Stephen Allen Photographs The Final Frontier of Farming
October 3, 2013
Photographer Stephen Allen has spent much of his life in and around Orlando, Florida, and his proximity to the Kennedy Space Center (KSC) has always influenced his intrigue in space. “Stepping out into the backyard to watch an Apollo or Space Shuttle mission never lost its excitement for me,” he says, mentioning that one of his uncles worked on the Apollo program when he was young.
When Allen was offered the opportunity to photograph an editorial on farming in space, he jumped at the chance. He had worked with the photo editor Ayanna Quint before, but this was a new magazine in its infancy— the second issue of Modern Farmer. Allen was familiar with the first issue, and was “knocked out” by the content and quality of photography. “Food and agriculture, sustainable and otherwise, seems to be at the forefront of our collective mindset right now, with people wanting to know more about where their food comes from and the technology behind it,” he explains. The first issue had been very well received — Allen would later meet up with a group of local designers for drinks, and after mentioning that he had just shot an editorial for the publication, their reaction made him feel like “the coolest kid in class.”
Space farming has been a topic of interest as of late. The Modern Farmer article, written by Jesse Hirsch, opens by introducing NASA astronaut Donald Pettit’s 2012 project “Diary of a Space Zucchini,” where Pettit wrote entries from the perspective of the budding zucchini plant aboard his shuttle. Private and government-funded programs around the world have taken an interest in studying space farming, viewing it as an eligible option if Earth’s livability were to be exhausted. NASA expects to grow vegetables in orbit by the end of 2013, but for now the project is being studied on the ground at the Kennedy Space Center, where Allen paid a visit for the story.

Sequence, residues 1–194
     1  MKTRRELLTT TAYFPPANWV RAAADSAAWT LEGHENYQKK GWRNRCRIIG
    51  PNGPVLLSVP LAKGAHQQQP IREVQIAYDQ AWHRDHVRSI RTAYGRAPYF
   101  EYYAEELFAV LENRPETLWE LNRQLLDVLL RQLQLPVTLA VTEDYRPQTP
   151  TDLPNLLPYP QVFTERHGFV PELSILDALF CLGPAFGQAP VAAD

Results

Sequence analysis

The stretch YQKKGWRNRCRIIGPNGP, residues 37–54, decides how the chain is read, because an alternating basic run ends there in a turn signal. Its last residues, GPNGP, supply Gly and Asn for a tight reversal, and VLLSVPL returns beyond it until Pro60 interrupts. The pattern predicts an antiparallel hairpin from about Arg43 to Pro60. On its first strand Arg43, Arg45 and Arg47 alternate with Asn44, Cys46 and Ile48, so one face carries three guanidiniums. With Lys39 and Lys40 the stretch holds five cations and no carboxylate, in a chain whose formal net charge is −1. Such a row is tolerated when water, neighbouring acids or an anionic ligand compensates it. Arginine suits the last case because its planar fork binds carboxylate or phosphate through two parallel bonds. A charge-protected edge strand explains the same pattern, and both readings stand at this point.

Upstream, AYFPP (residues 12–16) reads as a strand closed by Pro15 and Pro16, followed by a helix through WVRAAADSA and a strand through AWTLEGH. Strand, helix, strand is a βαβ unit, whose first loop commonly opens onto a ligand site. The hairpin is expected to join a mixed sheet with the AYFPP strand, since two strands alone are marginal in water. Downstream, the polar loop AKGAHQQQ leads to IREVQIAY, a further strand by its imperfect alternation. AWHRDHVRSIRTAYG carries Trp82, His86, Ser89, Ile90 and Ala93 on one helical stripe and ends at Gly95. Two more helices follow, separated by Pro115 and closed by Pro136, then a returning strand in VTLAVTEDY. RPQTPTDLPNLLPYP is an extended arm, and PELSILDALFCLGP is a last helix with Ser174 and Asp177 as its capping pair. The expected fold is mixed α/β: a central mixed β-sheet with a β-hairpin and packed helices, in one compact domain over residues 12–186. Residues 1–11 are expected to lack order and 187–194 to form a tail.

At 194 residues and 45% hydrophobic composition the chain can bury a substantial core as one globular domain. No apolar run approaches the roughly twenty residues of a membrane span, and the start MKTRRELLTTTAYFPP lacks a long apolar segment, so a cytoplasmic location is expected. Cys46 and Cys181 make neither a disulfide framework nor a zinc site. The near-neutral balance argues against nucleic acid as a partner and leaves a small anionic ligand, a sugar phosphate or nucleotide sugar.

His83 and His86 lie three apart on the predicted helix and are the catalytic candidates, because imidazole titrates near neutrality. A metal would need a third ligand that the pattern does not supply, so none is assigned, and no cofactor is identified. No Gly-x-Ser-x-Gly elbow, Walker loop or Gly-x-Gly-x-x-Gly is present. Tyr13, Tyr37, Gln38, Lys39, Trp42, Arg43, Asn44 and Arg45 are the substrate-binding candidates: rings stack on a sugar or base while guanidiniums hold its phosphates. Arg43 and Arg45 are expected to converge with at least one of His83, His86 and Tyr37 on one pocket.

Allen was tasked with visiting two locations at the space center, and he coordinated a shot list with Hirsch beforehand. He was given free reign on how he shot the subject, so he approached the shot from an architectural perspective using tilt-shift lenses for perspective correction. He says, “I wanted to convey a scientific, clinical vibe in the images and the straight lines in the interior shots help reinforce that idea.” He packed Nikkor 24mm, 45mm, 85mm lenses along with an old 35mm lens, as well as ring flash lights and Elinchrom heads with 12×12 silks to bring on location.
A few days before the shoot, Allen found out the lettuce at KSC, which part of the shoot was centered around, had been harvested. “When I heard this, I gave myself 10 seconds to panic,” Allen says. “Then I started calling farms until I found a place in Sanford, Florida that grew hydroponic lettuce.”
The farm only offered one strain of lettuce, and Allen decided to purchase $40 of it as a substitute. He wasn’t sure he would be allowed to use it if he asked beforehand, so he packed it in a Pelican case with enough water to cover the roots and brought it in with the rest of his gear, hoping for the best. When he was told in the lab that there was no lettuce available for him to shoot, he opened the case. The microbiologist, surprised, said it was the same strain they were using for their research. “If it had been a different strain, I wouldn’t have used it,” Allen says. “I feel like we totally lucked out.”
Allen’s images show a hint of what’s to come in the “final frontier” of the farming industry. Hirsch writes that the VEGGIE (Vegetable Production System) program will help solve “one of the biggest issues in space travel: the price of eating.” By December, NASA hopes to grow the first bunch of lettuce in space, which will take only 28 days to harvest under bright-pink LED lights.
To read “Space Farming: The Final Frontier” in full, visit the Modern Farmer website.
For more from Stephen Allen, visit his website.